Dancing with the ACT processes to maintain psychological flexibility in the face of the pandemic challenged Tokyo 2020 Olympics

Birrer, Daniel (2 October 2021). Dancing with the ACT processes to maintain psychological flexibility in the face of the pandemic challenged Tokyo 2020 Olympics International Journal of Sport and Exercise Psychology, 19(S1), pp. 82-83. Taylor & Francis 10.1080/1612197X.2021.1982479

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The goal of acceptance commitment therapy (ACT) is to help people to enhance their psychological flexibility in order to bring them closer to living a valued life. Generally, the world of elite sport is very outcome oriented and living a valued life means for many athletes to strive for performance and prove their ability in competition. In many sports, participation and success at the Olympic Games is considered the pinnacle of an athletic career. Accordingly, the cancellation or postponement of the Tokyo 2020 Olympic Games has unsettled many athletes and put them under stress in various forms and to varying degrees. Psychological flexibility has never been more in demand than in these days of global pandemic with the uncertainties of canceled competitions, postponed selections and the uncertainty about the feasibility of newly announced competition calendars. The value system of many athletes and their acceptance of what is in consciousness and what may arise or come into consciousness has been questioned and questioned. This made guiding athletes during this challenging time a perpetual and repetitive dance with the 6 ACT processes. This short presentation uses examples from working with athletes in preparation for the 2020 Olympics to show how the ACT processes were used and what it means to build real acceptance, readiness, and openness. It showed that the Self-as-Context process is a central link between Values, Acceptance, Present Moment Awareness, Defusion and Committed Action. Sportsperson with strong athletic identities sometimes seem to have ego-boosting obsessions and manifest a strong tendency of self-esteem protection. Relying on performance as source of self-worth is not possible when athletes are not allowed to compete. Working on the Self-as-Context process can reduce absorption in the self (e.g., being focused on a constructed and conceptualized ego), which is also implicit in the practice of mindfulness within a Buddhist context and sometimes forgotten in a more secular and culturally adapted western form of mindfulness. Being able to let go of a problematic conceptualized self can liberate athletes from non-functional attempts to protect their self-esteem and make movements towards a more balanced life even when circumstances restrict a normal way of life.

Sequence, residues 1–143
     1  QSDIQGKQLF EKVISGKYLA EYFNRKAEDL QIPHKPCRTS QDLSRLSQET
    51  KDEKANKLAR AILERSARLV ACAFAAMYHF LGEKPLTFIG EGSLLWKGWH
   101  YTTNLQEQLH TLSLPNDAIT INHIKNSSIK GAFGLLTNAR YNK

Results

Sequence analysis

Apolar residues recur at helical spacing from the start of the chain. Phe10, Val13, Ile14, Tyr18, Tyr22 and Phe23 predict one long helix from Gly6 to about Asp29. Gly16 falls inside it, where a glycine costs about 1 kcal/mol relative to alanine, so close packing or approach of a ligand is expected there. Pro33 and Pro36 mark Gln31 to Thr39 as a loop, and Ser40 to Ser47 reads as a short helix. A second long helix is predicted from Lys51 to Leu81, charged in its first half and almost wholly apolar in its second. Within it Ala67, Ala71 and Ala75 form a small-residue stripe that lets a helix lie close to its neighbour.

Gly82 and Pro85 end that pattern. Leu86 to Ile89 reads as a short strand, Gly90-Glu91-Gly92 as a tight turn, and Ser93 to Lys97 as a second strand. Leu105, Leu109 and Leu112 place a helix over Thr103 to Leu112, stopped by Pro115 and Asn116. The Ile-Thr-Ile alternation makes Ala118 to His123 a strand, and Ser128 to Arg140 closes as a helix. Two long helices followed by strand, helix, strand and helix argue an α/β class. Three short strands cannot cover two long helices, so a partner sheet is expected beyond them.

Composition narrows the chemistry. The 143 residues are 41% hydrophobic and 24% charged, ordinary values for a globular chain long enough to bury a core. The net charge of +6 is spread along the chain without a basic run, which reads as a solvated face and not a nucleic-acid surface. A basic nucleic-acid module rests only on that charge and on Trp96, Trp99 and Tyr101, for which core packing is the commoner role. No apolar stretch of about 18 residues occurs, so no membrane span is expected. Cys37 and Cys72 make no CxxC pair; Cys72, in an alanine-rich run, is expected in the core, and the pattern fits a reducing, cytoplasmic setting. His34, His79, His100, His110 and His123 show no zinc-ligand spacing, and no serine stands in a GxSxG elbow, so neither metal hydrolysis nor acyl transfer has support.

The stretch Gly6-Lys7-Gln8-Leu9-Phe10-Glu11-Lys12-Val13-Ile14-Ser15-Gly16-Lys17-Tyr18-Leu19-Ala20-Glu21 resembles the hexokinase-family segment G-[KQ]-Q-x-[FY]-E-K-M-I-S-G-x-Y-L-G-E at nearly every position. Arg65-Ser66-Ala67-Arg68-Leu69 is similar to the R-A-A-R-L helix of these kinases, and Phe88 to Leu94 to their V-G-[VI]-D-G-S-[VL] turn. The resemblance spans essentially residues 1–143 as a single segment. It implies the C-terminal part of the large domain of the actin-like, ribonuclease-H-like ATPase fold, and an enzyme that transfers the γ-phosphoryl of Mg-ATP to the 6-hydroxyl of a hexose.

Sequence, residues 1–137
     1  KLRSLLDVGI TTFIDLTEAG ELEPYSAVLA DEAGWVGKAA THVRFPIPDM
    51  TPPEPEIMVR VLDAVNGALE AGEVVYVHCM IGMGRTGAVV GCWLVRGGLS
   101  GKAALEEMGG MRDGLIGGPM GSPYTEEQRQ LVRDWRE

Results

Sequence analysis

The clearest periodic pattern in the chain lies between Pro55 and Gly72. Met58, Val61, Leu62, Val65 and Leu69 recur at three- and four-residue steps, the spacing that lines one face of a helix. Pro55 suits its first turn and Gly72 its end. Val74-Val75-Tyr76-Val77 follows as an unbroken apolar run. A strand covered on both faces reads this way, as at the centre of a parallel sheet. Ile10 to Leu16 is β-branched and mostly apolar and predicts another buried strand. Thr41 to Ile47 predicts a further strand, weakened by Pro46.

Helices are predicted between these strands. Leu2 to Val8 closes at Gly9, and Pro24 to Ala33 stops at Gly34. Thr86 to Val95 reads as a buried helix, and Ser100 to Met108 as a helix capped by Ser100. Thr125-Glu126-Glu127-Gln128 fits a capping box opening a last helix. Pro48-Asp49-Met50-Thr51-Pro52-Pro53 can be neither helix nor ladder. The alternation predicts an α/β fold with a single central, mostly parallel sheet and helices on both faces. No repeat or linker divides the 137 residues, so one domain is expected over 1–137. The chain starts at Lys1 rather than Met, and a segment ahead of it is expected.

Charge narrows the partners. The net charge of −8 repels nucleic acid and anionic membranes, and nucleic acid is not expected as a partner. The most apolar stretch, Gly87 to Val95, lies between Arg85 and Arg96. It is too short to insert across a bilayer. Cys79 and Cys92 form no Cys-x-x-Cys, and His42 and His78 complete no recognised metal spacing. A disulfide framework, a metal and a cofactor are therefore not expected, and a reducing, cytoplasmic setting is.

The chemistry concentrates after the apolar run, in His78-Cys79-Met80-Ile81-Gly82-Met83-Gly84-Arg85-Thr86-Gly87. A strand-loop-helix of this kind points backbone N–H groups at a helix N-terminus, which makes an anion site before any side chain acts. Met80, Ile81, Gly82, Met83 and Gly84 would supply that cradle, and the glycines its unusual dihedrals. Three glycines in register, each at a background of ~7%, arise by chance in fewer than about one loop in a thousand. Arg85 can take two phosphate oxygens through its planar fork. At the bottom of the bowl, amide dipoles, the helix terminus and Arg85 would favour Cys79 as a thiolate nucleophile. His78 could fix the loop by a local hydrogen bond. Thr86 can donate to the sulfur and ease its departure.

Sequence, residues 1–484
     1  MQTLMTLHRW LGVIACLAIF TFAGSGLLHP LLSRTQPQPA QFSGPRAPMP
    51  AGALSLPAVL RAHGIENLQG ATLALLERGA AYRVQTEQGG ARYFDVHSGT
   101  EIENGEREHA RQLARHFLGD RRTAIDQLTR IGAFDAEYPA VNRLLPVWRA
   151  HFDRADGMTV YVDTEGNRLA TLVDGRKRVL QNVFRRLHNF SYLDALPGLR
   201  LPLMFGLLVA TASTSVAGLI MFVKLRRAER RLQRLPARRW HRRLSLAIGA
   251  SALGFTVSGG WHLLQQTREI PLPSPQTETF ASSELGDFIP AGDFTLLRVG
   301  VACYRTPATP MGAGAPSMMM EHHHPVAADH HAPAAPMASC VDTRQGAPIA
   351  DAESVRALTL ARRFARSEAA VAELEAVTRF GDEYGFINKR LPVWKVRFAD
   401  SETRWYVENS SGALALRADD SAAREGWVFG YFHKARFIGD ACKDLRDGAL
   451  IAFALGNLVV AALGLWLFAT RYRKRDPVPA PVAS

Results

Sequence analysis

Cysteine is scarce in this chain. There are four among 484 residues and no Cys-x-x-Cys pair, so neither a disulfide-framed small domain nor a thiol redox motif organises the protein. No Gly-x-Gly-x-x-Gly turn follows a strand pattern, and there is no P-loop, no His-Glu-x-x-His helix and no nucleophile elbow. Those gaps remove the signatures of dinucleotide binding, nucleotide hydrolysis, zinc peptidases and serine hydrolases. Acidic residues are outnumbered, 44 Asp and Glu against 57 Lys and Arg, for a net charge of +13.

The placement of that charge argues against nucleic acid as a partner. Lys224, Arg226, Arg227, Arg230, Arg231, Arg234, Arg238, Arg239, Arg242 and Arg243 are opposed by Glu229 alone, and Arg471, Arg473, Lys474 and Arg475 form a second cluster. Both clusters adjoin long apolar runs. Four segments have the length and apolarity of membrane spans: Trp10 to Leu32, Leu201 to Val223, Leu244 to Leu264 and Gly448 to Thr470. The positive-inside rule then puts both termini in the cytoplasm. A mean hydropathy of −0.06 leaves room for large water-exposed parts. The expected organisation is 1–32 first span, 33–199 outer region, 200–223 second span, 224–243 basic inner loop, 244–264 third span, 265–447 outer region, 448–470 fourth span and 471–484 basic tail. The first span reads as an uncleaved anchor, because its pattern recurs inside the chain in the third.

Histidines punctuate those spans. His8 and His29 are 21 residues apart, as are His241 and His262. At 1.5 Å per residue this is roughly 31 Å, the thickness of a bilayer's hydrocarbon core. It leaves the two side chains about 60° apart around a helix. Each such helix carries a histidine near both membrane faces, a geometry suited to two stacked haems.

Item Type:

Conference or Workshop Item (Poster)


Swiss Federal Institute of Sports Magglingen SFISM > EHSM - Leistungssport > Sportpsychologie


Birrer, Daniel


1612-197X (Print) 1557-251X (Online)


Taylor & Francis




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Date Deposited:

12 Aug 2022 10:07

Last Modified:

12 Aug 2022 10:07

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Uncontrolled Keywords:

Acceptance Self-esteem Mindfulness Self as context Psychological flexibility





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